10 June 2021, The Tablet

A fortnight ago, I was thwarted in my attempt to light a candle at Westminster Cathedral


A fortnight ago, I was thwarted in my attempt to light a candle at Westminster Cathedral
 

I began to work out in my head how many days without buying a cup of coffee I would have to go before I could afford the estimate for a lovely book up for sale at Forum Auctions. It wouldn’t be days or months, but eight years or more.
The book was a copy of the New Testament in Greek, and of course you can get that for nothing online. This was a folio bound in red morocco and tooled in gold with the initials of Kenelm Digby and his wife Venetia Stanley. It must have been a sort of wedding present from him to her in 1625.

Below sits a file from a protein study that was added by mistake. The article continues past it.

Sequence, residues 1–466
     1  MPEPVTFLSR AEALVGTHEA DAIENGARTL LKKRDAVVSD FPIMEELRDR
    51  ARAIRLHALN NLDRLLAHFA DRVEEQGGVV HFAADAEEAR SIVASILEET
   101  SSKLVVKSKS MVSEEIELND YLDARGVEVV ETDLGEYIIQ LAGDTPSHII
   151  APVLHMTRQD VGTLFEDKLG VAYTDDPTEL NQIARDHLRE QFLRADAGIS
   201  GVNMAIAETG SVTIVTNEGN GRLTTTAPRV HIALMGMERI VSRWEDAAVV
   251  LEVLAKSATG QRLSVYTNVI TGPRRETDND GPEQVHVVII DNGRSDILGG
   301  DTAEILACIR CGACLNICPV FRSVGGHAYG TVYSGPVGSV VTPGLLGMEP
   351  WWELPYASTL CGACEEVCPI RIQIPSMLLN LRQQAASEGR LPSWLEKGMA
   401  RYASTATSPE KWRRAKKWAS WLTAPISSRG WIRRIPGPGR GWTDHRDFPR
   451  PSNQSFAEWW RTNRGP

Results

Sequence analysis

Theirs was the romance of a romantic age. She, a great beauty, had met him in childhood and he had fallen in love. Then they were separated. In events that make a Shakespeare plot look plausible, in his late teens Digby, according to his private memoir Loose Fantasies, fled the amorous pursuit of the Queen Mother of France by spreading the news that he was dead, writing to Venetia explaining the reality. But the letter was never delivered. Venetia heard the bad fake news but not the good true news and was said to have turned to “a disordered life of pleasure” in reaction.

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